So given this, it would only make sense to look to reduce the problem of high blood sugar by pursuing a diet that caused less problems with hyperglycemia, and this should at the very least be the primary treatment goal in designing diabetic diets.

There is plenty of evidence to show that carbohydrate restriction does provide better glycemic control, in addition to this making perfect sense because carb intolerance is a major defect with the disease of diabetes.  So we need to actually look to eat in a way that is going to benefit our disease if we are really interested in treating it.

Point 2 mentions the fact that the epidemics we now see with both diabetes and obesity are associated with a significant rise in carbohydrate consumption.  So in other words we eat more carbs these days and we also have more metabolic disorder, and there is every reason to believe that the two are linked, particularly since the consumption of carbs that we see today is historically high and may be exceeding our capacity.

It certainly exceeds the capacity of diabetics though, and well exceeds it, and while it may be important for the public at large to show more restraint in carb consumption, this is critical to us, since we have a disease that makes us far more carb intolerant than the average person.

Point 3 is that the benefits from a low carbohydrate diet does not require weight loss, and in fact we often see dramatic improvements in people’s blood sugar on a low carb diet without experiencing any weight loss at all, or very little.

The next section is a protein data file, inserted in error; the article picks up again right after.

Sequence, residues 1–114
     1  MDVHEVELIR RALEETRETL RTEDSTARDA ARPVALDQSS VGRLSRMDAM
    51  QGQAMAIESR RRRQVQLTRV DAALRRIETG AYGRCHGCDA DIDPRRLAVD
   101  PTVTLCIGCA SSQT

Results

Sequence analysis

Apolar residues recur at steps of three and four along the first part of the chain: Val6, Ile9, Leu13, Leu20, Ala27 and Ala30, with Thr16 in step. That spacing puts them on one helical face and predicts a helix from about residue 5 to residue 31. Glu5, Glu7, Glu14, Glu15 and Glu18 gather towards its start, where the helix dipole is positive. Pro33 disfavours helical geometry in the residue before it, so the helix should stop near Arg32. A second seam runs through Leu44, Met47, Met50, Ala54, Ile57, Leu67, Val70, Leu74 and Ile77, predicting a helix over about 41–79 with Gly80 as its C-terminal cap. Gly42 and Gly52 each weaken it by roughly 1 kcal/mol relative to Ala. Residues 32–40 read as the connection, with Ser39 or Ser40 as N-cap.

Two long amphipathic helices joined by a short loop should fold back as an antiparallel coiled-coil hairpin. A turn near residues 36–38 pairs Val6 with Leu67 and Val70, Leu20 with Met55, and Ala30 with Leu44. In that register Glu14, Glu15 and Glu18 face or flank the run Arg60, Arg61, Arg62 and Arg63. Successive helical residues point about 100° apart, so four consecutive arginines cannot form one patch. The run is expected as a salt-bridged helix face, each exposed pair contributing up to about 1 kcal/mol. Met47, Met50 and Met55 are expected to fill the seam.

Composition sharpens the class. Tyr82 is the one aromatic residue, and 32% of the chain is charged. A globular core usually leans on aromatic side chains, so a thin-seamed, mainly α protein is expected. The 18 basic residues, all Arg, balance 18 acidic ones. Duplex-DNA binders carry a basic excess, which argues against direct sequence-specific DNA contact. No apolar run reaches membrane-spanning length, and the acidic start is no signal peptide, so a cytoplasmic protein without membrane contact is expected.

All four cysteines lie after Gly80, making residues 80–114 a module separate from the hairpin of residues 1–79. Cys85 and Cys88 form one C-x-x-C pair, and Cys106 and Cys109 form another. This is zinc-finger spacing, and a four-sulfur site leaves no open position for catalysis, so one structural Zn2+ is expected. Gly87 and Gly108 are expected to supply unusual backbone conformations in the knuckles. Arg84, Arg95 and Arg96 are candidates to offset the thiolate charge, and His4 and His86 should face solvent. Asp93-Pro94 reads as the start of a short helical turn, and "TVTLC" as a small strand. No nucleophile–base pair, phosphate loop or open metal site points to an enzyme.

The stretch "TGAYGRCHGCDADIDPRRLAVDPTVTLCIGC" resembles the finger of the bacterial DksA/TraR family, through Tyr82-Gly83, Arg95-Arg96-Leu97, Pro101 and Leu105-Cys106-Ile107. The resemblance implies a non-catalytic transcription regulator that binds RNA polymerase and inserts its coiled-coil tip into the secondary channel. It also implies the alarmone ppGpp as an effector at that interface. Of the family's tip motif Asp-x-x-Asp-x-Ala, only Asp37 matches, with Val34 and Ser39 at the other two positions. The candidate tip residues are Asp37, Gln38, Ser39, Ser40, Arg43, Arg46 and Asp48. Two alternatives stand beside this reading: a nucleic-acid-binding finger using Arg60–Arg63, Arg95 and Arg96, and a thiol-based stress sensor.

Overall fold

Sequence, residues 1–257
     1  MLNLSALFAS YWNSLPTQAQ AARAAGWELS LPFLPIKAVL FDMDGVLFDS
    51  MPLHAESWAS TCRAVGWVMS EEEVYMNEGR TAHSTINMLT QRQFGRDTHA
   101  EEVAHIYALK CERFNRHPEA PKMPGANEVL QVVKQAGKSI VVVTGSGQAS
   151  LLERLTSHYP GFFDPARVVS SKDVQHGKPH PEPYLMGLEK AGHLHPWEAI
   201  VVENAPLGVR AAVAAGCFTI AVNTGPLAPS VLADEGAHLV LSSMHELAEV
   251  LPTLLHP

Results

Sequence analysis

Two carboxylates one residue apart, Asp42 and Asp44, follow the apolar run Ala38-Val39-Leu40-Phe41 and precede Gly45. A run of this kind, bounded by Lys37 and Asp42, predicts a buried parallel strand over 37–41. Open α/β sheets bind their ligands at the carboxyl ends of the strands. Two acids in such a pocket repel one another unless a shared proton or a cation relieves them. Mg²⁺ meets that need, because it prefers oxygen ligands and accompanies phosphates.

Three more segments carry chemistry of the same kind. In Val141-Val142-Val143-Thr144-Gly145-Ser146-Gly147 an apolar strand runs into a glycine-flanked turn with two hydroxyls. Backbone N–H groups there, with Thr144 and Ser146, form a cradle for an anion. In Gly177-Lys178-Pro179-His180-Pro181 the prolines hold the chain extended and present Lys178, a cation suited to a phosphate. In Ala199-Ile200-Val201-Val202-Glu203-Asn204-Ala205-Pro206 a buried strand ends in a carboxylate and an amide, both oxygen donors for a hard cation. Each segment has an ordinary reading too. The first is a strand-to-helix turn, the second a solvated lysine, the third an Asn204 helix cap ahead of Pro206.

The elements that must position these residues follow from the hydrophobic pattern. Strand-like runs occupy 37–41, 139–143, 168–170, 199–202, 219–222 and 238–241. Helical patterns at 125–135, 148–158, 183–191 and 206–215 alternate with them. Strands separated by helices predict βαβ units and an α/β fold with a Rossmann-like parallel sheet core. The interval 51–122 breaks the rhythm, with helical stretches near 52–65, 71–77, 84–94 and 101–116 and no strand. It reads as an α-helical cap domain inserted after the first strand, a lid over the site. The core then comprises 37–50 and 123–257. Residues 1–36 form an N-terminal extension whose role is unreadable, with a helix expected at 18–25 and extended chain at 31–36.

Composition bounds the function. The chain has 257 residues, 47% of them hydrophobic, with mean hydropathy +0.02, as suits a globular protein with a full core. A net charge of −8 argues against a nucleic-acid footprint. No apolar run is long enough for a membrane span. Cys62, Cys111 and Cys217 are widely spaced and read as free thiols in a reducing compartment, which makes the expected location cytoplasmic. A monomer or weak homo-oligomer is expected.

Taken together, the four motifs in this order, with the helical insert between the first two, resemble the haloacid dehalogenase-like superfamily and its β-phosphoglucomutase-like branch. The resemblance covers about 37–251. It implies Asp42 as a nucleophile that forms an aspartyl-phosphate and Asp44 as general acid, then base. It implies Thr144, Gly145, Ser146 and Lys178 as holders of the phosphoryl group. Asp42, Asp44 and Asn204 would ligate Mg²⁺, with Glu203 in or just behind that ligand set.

However, low carb diets are also superior to low calorie or low fat diets for weight loss, even though there are no caloric restrictions on the low carb ones and people can eat all they want provided they stay within the carb limits prescribed, which is actually Point 4 of the paper.  So they look at some data showing this is indeed the case, and we know from our previous discussions that this is due to lowering insulin levels, and insulin is the primary hormone that regulates fat storage and fat loss, in other words, one’s weight.

Point 6 asserts that replacing carbs with protein is generally beneficial, and protein is certainly preferable to carbs in many ways, and managing blood sugar levels is just one of them.  Several studies have confirmed that several metabolic markers become improved when one replaces carbs with protein.